It has been a long winter in Montana. Folks tell me that winter is what Montanans endure for three months of play in the mountains--looks like this year there might only be a couple of months of play in the mountains. A week ago the wife and I went to Mountain Top Retreat, just south of Bozeman, for the annual Clergy Retreat. It snowed eight inches right before we got there to go on top of the snow that was already on the ground. The caretaker said that they hadn't seen the grass since October! It has been a long winter--too long.
Most of the snow right now is in the mountains. At Yellowstone and Glacier National Parks they are attempting to get the roads cleared so the tourists can start streaming in in a couple of weeks. In Yellowstone they have been trying to clear one of the main roads that comes in from the east and goes over Sylvan Pass. The snow is 22 feet deep with drifts of 30 feet, and it doesn't help that they keep getting weekly snowstorms dumping eight to ten inches of fresh snow. The crews are now working 12-hour days, six days a week, in hopes to get the road open by mid-May. In Glacier the snow has been creating avalanches that keep covering up their cleared roads. The Beartooth Pass, near Red Lodge, well it is typically open for driving Memorial Day but may be mid-June before it is given the "clear" sign for driving. There is a lot of snow in them there mountains!
Around this time of year I begin to feel a longing emerging deep from within me. It is a longing to get out and get into the mountains to hike. The winter's snow has put a big damper on that so far this Spring--there is just no way to hike. A little snow is expected when hiking in the Beartooth and Absaroka Mountains, but that is what makes hiking an adventure. The mind knows that, but the spirit does not understand. The spirit wants to go!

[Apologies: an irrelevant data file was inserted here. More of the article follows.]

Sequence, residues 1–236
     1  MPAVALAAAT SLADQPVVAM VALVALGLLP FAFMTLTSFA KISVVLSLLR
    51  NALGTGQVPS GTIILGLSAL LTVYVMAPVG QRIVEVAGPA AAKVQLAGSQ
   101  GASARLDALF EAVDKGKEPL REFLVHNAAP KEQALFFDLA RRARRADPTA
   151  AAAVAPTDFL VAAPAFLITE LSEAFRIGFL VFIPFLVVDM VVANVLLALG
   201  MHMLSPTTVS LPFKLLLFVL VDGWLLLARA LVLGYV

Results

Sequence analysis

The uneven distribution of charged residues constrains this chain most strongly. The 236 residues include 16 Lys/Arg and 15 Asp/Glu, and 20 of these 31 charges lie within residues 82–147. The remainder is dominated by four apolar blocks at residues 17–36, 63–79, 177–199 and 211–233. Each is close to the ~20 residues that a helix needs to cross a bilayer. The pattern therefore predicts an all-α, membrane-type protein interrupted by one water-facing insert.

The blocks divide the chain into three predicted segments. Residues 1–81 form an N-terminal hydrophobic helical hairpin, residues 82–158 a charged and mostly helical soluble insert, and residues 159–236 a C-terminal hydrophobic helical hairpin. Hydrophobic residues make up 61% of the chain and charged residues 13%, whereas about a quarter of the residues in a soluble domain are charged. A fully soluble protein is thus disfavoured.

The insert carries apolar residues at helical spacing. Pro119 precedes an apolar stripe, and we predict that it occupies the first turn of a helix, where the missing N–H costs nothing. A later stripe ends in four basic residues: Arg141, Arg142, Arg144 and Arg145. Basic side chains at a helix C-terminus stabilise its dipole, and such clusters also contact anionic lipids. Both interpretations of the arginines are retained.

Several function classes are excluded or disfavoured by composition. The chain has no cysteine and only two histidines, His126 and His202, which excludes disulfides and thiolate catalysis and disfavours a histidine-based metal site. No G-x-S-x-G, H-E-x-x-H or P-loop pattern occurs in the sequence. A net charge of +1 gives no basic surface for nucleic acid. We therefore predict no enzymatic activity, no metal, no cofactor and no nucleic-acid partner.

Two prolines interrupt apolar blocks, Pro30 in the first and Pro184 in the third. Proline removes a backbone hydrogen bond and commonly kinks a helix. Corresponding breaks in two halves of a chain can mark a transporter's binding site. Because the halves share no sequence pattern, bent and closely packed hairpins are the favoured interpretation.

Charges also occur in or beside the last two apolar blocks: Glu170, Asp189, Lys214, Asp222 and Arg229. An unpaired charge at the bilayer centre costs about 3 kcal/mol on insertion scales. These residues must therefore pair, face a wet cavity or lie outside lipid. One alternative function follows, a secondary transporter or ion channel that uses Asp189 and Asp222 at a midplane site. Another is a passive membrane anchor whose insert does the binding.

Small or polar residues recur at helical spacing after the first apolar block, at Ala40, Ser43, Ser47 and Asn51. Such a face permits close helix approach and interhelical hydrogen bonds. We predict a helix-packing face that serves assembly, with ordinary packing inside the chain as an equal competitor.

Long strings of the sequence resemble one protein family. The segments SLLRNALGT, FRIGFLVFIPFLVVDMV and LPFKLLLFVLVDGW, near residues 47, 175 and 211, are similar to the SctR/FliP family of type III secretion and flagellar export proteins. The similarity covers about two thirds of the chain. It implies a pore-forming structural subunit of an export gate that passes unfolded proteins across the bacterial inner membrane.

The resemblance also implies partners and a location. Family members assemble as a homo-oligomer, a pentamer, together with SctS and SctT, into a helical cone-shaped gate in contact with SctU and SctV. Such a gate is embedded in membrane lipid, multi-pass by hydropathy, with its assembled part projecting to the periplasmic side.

So, I find myself daydreaming a lot about hiking in the mountains--getting away from it all. It is a longing . . . I sort of made a sacrifice towards pleasing that longing last week at the Clergy Retreat when I went snowshoeing. In the picture above those are my tracks. It was a blast despite the wife's concern that I would get lost. My response to that concern was, "Don't worry . . . I can follow my tracks back!" It is amazing how different the world looks when it is covered in snow. Here are a few of the wonders I saw while snowshoeing:
As wondrous as it was trekking around the mountains and woods on snowshoes, I am ready for a snow-less hike. As my mother used to say, "And this, too, shall pass." Probably sometime in mid-July according to the weather services! Yep, it has been a long, long winter. Even the birds are getting tired of it:
Yep, we are all longing . . .